Elizabeth May’s brief on C-51 and national security

Elizabeth May

Respond to the Online Consultation on National Security before Dec. 15 here.

The following is a shortened response to the Green Paper, Our security, Our Rights: National Security Green Paper, 2016. By design, the discussion paper misses key issues. This list highlights some of the key points from Elizabeth’s nine page brief, and responds to each of the four bulleted points as set out in the Ministers’ message:

  1. “Guarantee that all Canadian Security Intelligence Service (CSIS) warrants comply with the Canadian Charter of Rights and Freedoms”

    • The elephant in the room is ignored: Was the previous government justified by evidence of good public policy to convert the Canadian Security Intelligence Service into an active agency for “disruption of threats”?

    • It must be on the table for public consultation that Part 4 of C-51 (the amendments to the Canadian Security Intelligence Service Act) be repealed.  The fundamental question is “Will empowering CSIS to disrupt plots and threats improve Canadian security?”  (NO.)

    • Why should Canada, alone in the democratic world, unlike any of our Five-Eye partners, allow a “warrant for constitutional breach?” (to use Craig Forcese and Kent Roach’s term).

    • The safest course for public security is to ensure that CSIS revert to its intelligence gathering role ONLY.

  2. “Ensure all Canadians are not limited from legitimate protest and advocacy”

    • Section 1 on information sharing’s greatest risks are in the lack of reviewable tests or screens before information about Canadians is shared with foreign governments.  The recommendations of the Commission of Inquiry into the Actions of Canadian Officials in Relation to Maher Arar must be brought to bear on this section, as well as the “no fly list” of Part 2 of C-51(Secure Air Travel Act).  The threat to Canadians abroad of being shopped out to foreign governments and unable to board a plane home is deeply alarming.  

  3. “Enhance the redress process related to the Passenger Protect Program and address the issue of false positive matches to the list”

    • This consumer concern about interference with holidays, while serious and annoying, is easily handled and does not focus on the far deeper threats to Canadian democracy of C-51.  By all means, let’s protect those accidentally on the list.  But if C-51 is a Frankenstein’s monster, this problem is a pimple on his nose. Another red herring in a public consultation.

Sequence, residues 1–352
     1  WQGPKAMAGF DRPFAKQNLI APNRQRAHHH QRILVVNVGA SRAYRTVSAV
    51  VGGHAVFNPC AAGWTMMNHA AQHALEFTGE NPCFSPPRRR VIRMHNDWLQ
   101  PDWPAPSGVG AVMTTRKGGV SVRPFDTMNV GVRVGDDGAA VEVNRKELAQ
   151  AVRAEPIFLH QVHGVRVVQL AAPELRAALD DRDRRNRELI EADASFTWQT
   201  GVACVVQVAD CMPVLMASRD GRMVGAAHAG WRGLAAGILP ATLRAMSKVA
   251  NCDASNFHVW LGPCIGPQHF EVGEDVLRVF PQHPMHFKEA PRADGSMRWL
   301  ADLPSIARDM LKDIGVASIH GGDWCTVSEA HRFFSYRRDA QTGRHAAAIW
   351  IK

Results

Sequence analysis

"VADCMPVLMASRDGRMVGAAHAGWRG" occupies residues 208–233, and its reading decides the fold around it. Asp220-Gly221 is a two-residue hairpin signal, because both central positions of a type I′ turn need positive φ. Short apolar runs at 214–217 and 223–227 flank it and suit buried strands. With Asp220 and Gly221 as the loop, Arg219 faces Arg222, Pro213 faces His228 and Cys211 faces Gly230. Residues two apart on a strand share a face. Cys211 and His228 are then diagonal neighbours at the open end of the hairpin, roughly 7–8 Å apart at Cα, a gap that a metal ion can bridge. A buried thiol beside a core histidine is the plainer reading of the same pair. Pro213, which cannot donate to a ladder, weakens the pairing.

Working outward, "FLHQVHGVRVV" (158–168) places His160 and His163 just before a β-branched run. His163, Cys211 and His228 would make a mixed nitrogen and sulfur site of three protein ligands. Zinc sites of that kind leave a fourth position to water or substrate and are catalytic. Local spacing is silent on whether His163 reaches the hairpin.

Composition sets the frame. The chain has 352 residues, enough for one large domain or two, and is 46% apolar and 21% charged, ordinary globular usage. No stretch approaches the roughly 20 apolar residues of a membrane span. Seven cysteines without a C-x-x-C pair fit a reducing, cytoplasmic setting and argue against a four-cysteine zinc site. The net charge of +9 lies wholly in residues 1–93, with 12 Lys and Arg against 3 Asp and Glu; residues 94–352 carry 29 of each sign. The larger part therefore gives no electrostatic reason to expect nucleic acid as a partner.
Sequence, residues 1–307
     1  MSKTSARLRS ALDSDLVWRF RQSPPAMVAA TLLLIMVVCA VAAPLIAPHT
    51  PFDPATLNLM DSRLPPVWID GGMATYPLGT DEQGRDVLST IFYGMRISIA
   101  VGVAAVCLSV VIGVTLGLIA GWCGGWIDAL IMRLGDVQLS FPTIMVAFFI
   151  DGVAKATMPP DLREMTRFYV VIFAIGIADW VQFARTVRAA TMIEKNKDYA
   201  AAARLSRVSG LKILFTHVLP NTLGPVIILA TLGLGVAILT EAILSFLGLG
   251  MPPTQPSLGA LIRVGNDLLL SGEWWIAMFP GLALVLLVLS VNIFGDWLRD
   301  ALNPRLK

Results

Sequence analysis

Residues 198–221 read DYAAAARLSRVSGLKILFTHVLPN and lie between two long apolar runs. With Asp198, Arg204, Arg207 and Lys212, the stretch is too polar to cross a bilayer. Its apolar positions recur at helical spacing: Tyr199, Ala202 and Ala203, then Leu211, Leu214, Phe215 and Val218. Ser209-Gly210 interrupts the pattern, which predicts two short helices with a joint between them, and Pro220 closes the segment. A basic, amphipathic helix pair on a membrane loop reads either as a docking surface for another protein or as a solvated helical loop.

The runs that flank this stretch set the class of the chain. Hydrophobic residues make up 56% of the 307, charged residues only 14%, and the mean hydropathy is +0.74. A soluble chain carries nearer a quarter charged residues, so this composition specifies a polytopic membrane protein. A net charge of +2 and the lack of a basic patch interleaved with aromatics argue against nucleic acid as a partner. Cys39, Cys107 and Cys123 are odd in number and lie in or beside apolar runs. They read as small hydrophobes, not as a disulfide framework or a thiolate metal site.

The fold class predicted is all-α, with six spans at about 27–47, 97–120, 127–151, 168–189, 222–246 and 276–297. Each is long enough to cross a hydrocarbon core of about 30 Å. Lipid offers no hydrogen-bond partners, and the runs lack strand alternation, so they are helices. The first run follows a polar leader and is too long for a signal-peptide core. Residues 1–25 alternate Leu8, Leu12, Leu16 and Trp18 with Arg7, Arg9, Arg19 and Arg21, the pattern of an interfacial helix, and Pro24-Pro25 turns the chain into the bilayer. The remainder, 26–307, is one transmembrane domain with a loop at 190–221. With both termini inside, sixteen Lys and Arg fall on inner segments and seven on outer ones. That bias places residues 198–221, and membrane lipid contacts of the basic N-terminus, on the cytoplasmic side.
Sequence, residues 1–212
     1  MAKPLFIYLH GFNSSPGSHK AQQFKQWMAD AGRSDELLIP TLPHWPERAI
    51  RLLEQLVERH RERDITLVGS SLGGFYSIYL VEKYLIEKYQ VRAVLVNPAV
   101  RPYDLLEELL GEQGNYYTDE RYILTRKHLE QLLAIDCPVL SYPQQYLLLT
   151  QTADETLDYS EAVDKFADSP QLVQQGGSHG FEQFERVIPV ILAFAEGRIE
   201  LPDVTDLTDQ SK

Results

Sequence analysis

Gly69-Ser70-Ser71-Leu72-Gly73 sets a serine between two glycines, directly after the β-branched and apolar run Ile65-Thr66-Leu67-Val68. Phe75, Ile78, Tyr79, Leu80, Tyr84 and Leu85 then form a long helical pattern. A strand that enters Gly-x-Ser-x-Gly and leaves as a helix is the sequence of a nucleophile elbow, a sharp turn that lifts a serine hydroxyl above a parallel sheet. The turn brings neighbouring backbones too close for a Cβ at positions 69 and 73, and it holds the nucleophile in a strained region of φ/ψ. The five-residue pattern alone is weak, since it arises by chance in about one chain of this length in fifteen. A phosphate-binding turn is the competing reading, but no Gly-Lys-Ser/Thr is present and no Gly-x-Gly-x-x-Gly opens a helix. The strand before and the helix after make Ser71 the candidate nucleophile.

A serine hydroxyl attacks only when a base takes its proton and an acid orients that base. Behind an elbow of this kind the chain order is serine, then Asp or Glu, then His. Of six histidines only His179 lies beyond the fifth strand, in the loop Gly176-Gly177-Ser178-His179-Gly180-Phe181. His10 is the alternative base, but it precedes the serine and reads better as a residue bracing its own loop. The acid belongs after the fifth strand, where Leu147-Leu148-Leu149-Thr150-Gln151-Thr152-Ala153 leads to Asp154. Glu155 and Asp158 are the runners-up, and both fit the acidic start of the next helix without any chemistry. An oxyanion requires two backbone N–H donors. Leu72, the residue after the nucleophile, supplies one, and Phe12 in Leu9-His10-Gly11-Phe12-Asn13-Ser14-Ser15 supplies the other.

4. “Narrow overly broad definitions, such as defining  ‘terrorist propaganda’ more clearly”   

    • This committee must make an issue the term “terrorism in general.”  The term “terrorism” is understood. It has legal meaning.  “Terrorism in general” has no meaning.  The Criminal Code sections must be amended to eliminate this vague term.  

    • The sections on internet promotion of terrorism lack crucial protections found in other such provisions of Canadian law.

      • This law does not specifically exclude private conversations.

  5. Additional comments on the Green Paper

    • The paper fails to note that there is not adequate over-sight and review of security agencies even with the improvement of a Parliamentary Committee as proposed in C-22

    • C-51 makes us less secure

    • This committee should seek the opinion of Professor Donald Galloway from the University of Victoria Law School, and re-examine the implications of the C-51 changes to the Immigration and Refugee Act.

    • Gaps in mental health programmes a key issue in reducing terrorism.

    • Not too late to call for a public inquiry into the events of October 22, 2014

    • We must remove the existence of “warrants for Constitutional breach.”

Using the original C-51 sections, sections 1, 3, 4, and 5 should be repealed and section 2 modified to ensure protections for Canadians travelling abroad.